The SEC is Going to Regulate (At Last) But Misses the Real Economic Terrorism By an Inch or Two

Tuesday, November 24, 2009 , , , , 1 Comments

you did it to yourself, Christopher

I wonder if the SEC has ever heard of the term "too little too late"? It might apply here. Come bring all the SEC goons you have to say regulation is making a comeback, this doesn't smell right and as usual, the SEC is preening for the sake of, well, the show. Fuck off and do something or go away.


The U.S. Securities and Exchange Commission will focus on financial instruments such as derivatives as it broadens a crackdown on insider trading by hedge funds, enforcement director Robert Khuzami said.

“The days of insider-trading scrutiny being focused almost solely on the equity markets are now gone,” Khuzami said today at a New York legal conference on hedge-fund regulation. After bringing its first insider trading case tied to credit default swaps in May, the SEC will “roll back the curtain on those markets and look at patterns across all markets,” he said.

Insider trading has become “systemic” behavior in the hedge-fund industry and the SEC is working with criminal authorities to ferret out misconduct, Khuzami said this month. Billionaire Raj Rajaratnam and his New York-based Galleon Group are among more than 20 people and firms the agency has sued since Oct. 16 in its probe of hedge funds.

The SEC brought its first insider-trading case tied to credit-defaults swaps in May, when it sued a Deutsche Bank AG salesman on claims he illegally fed information on a bond sale to a hedge-fund money manager. Prices on credit-default swaps, which insure investors against bond defaults, have surged before corporate takeovers in recent years, fueling speculation that traders are abusing inside information. The SEC has said since at least 2007 that it’s examining the trades.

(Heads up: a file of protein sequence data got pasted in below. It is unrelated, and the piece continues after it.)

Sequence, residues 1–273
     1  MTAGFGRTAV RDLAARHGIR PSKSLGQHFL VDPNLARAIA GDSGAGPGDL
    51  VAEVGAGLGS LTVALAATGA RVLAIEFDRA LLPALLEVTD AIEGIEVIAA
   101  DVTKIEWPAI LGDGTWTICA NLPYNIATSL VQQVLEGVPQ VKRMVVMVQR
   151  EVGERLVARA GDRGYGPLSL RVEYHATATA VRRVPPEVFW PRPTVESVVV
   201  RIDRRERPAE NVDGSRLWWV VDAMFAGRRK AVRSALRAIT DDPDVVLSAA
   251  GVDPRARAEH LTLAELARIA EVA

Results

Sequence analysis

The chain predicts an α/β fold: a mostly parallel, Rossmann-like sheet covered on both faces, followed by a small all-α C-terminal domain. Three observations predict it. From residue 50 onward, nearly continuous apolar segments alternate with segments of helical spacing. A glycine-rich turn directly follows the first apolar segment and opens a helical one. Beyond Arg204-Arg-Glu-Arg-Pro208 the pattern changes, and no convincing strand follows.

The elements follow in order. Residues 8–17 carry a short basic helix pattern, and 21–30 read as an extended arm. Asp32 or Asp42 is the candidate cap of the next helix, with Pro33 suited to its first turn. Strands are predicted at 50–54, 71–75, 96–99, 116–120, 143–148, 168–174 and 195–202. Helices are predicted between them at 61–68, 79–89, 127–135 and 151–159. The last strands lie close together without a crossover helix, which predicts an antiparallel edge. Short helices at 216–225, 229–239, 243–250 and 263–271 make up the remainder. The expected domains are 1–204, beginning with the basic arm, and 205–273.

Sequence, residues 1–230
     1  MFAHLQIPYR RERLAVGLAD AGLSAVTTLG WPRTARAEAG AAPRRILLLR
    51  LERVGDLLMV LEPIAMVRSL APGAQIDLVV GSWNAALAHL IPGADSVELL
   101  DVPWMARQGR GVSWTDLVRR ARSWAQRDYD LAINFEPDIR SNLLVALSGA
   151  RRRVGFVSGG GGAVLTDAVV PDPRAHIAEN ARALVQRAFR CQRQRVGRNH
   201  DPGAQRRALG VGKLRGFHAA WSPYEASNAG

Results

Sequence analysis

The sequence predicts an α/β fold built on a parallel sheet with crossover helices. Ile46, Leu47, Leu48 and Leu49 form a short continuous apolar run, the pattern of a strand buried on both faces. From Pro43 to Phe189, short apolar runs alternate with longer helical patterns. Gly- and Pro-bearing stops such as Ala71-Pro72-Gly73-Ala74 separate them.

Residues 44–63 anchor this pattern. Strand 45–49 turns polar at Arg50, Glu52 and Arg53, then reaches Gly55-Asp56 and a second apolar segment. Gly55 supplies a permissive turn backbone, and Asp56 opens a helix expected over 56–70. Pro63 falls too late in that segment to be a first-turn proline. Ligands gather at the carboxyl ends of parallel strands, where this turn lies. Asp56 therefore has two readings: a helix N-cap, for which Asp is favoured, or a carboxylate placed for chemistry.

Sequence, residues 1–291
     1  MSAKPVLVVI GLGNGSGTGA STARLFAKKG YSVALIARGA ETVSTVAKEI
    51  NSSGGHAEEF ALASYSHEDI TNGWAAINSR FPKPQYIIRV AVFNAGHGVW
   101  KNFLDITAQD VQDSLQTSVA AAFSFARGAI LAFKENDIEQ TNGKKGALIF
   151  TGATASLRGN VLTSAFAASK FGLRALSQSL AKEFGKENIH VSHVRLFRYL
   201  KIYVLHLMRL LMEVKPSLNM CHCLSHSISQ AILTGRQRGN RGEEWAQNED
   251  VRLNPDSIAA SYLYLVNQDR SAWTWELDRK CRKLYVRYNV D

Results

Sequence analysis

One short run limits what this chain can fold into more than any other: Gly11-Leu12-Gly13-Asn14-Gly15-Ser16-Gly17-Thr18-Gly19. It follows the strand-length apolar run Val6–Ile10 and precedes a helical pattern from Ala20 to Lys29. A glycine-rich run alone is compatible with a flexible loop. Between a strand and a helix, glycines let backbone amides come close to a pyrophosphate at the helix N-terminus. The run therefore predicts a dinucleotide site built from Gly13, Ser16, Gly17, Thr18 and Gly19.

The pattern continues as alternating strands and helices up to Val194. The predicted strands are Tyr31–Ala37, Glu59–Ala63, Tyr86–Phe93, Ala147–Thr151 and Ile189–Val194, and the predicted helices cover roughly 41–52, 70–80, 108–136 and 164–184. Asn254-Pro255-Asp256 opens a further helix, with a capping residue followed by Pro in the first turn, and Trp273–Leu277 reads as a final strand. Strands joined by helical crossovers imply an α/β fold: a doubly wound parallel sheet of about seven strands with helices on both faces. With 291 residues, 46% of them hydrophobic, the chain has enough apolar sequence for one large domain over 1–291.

Credit-default swaps are financial instruments based on bonds and loans that are used to speculate on a company’s ability to repay debt. The contracts, typically expiring after five years, pay if a borrower fails to meet obligations.

Khuzami, in an interview today, declined to say whether the SEC has any current insider-trading investigations involving derivatives.

If Khuzami is so qualified with his background in sniffing out terrorism, perhaps he should start looking at the guys who refuse to say where all that money they printed went? I don't have time to blow your whistle, go do something useful and figure that out. It is, after all, the largest systemic risk we face. If it's obvious to me - some random tattooed hipster girl with a Fed fetish - certainly it should be painfully obvious to the SEC. Yeah. OK.

Jr Deputy Accountant

Some say he’s half man half fish, others say he’s more of a seventy/thirty split. Either way he’s a fishy bastard.


What's $1.2 trillion? The SEC can beat up miniscule companies with $17 million market caps over nothing, but it can't find anything wrong with Vampire Squid's accounting, or AIG's or Citigroup's? What a joke.